Yield Not to Temptation…Well…maybe just a little

DFH Volume 1 Issue 6

by Jim Dayton

A blue car parked in a parking lot

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A close up of a sign

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Uncle Chip’s (Chester Dayton) mid-life crisis spanned the years from the late 1950’s through about 1965, when he was around 45 -55 years old.  In those years, his thing was cars.  In about 1962, he bought a Karmann Ghia.   To a teenage kid, and probably adult boys too, it was near the top of the list of the finest piece of machinery ever built.  It was sold by Volkswagen, which also made Porsches, and it looked just as fast. Of course, the company also sold bugs; the Ghia had the horse power of that putt-putt car and so much class!  It was respectfully fast, but not a killer machine.

In the summer of ’63, when my hormones were racing, Uncle Chip decided he would ride up to West Chazy Camp Grounds with dad (Paul Dayton).  He left that heart stopping beautiful work of art in our driveway.   To make matters tempting, my entire family was already at camp and I was home alone.  And to really make matters worse, Uncle Chip left the Ghia keys on top of the refrigerator.  What do you suppose a kid would do in a situation like that?  That’s right. Steal that gorgeous machine and go on a joy ride, even if he didn’t know how to drive and didn’t even know how to shift a four-speed transmission. 

At first thought, it was a battle of good and evil.  “To steal or not to steal, that is the question!”  Evil prevailed.  I briefly wondered if Chip was testing me and knew the odometer reading. The urge was more than I could bear.  I learned to shift without jerks and grinding gears right away.  Now, where would I go?  More evil filled my mind.  In kayaking, class 5 rapids are as good as it gets, and I was determined to do a class 5 drive. Up and down blind, winding roads, over an unguarded railroad crossing–without peeking left or right for terror… “OK, Wimpy, let’s get it on.”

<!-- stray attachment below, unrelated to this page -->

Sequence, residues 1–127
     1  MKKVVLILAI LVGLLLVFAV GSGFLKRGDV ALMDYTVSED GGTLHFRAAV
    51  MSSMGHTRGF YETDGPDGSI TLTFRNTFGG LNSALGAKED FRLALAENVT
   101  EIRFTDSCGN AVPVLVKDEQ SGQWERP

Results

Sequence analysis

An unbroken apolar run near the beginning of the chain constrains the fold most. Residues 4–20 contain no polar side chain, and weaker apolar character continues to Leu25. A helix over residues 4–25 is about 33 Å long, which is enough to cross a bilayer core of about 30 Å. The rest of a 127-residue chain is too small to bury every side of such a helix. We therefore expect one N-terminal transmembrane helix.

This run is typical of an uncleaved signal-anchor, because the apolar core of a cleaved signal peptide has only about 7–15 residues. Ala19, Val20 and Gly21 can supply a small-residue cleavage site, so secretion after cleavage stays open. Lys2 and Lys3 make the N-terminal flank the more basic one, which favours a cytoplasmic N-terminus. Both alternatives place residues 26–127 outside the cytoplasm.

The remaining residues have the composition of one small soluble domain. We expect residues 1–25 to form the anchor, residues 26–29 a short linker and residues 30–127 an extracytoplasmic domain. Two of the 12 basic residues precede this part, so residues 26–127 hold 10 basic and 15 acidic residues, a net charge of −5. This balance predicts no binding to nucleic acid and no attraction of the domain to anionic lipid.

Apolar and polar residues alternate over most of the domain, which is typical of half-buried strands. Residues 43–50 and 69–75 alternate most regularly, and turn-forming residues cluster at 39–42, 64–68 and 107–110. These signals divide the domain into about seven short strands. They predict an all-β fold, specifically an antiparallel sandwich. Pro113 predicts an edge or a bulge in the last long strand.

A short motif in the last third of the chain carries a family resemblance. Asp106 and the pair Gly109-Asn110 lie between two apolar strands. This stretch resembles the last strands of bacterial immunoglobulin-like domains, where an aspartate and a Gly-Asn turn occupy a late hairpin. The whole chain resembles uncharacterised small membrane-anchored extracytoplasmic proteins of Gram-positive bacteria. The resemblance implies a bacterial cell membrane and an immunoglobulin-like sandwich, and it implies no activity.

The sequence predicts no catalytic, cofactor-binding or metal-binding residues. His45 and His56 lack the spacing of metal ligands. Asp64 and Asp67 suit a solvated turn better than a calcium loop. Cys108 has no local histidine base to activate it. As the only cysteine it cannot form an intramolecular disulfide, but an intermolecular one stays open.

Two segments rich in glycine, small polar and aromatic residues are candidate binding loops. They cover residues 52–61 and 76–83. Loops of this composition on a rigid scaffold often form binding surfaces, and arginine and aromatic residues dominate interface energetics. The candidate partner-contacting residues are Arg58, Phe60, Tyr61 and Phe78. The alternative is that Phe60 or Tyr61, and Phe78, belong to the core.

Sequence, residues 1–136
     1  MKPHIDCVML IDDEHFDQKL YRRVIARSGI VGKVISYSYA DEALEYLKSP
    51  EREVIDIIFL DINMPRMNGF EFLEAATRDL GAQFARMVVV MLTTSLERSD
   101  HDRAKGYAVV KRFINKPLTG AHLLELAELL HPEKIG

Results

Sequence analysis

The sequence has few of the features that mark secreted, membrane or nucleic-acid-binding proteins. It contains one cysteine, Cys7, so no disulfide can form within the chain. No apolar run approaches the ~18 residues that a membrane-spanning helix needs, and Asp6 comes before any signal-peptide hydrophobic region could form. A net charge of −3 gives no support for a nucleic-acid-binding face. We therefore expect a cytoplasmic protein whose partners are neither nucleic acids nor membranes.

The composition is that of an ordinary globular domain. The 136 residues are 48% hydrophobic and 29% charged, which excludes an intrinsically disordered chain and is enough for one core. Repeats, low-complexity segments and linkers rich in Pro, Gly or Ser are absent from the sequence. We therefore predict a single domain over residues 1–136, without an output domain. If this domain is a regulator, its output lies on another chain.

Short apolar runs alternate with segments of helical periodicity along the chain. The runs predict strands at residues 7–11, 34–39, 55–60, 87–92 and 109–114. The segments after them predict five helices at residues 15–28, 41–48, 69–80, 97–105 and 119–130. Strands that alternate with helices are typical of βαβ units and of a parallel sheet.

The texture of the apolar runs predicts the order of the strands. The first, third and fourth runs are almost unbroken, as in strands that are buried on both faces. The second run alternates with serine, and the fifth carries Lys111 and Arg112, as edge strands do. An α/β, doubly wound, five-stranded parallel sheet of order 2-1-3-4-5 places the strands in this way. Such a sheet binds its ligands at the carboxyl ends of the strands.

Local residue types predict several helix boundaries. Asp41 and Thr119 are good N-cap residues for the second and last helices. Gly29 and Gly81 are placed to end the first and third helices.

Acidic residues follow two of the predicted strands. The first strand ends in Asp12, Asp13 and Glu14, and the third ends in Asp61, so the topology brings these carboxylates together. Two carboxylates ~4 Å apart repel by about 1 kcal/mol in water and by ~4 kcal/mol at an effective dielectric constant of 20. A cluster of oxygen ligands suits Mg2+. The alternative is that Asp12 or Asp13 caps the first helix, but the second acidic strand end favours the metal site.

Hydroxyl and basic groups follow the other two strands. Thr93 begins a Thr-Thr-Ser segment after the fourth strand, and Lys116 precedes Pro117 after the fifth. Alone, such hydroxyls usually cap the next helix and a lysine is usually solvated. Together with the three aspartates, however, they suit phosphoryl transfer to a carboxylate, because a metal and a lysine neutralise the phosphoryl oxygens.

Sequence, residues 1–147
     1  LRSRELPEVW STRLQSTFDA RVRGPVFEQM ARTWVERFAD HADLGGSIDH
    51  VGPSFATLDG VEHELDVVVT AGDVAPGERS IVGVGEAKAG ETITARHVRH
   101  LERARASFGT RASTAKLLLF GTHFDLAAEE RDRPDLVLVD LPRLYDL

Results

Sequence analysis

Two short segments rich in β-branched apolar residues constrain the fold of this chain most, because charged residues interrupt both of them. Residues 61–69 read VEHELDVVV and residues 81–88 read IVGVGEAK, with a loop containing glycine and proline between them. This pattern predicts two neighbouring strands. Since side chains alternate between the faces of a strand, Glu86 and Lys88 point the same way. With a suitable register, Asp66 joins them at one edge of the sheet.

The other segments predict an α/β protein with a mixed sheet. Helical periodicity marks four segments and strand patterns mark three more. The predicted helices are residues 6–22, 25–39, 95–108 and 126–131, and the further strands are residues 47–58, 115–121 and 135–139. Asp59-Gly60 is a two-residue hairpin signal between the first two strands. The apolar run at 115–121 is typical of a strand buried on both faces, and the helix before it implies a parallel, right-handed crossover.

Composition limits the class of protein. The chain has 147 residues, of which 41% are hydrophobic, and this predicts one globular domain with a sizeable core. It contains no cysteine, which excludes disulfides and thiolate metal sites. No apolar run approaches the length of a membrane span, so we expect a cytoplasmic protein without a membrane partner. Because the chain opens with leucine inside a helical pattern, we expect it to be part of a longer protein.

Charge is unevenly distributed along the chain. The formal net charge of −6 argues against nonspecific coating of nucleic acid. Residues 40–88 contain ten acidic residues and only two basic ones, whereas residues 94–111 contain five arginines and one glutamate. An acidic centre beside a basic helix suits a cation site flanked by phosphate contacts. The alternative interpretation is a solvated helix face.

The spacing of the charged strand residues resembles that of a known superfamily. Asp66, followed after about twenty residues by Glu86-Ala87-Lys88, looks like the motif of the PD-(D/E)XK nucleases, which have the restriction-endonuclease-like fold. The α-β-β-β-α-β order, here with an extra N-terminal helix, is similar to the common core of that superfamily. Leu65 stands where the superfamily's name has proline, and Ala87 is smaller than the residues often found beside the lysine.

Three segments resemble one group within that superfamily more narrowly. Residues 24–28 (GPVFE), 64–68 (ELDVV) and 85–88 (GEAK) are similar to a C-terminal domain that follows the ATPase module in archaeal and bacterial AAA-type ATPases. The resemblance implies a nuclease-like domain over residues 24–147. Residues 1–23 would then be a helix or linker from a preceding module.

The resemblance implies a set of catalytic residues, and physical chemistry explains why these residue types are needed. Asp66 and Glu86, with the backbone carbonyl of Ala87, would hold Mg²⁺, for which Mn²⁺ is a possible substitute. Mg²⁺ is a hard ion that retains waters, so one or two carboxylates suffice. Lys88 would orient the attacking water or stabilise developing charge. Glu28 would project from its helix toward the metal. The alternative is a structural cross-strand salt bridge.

In a short time, I was bearing down on a slower car.  There was a solid yellow line and a blind bend in the road.  The imp, which now controlled the wheel, screamed, “So what! Go for the adrenaline rush.”  And I did. Then, it was full throttle up West Mountain.  I came down the hill much faster than I went up. Finally, having exhausted my curiosity, I returned home about a half hour later. I suppose I may have logged 35 miles on the odometer.  Again “So what!” I had had a thrill and had survived.  If Uncle Chip wanted to press charges with the town cops, it was OK, and well worth the penalty.  I never heard anything more about my adventure from Uncle Chip or my dad, but about four years later Uncle Chip wanted to sell the dream machine to me.  I was headed to college and needed every penny I could save, so I was forced to decline his offer.  I could tell it hurt his feelings.  Now that I’m much older, and I’d like to think a little wiser, I realize he would have sold it to me for practically nothing.  That’s just the way he was.  Another very generous Dayton. 

Come to think of it, I hadn’t realized how much I missed that Karmann Ghia until I started writing this article.  I may shop for one, even though I’m overweight and too decrepit to get in and out of one.  Perhaps I’ll just get it so my grandson can drive it.  After all…he’s a fifteen-year-old kid with raging hormones. I could accidentally leave the keys on top of my daughter’s refrigerator.

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